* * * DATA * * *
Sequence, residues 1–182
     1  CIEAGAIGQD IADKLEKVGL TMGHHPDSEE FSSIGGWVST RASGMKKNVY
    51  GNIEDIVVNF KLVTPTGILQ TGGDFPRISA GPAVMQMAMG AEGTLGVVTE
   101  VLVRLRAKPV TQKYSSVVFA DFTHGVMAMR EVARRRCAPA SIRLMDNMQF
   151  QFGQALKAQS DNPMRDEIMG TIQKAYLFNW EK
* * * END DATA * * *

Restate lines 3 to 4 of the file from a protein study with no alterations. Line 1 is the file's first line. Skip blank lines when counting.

    51  GNIEDIVVNF KLVTPTGILQ TGGDFPRISA GPAVMQMAMG AEGTLGVVTE
   101  VLVRLRAKPV TQKYSSVVFA DFTHGVMAMR EVARRRCAPA SIRLMDNMQF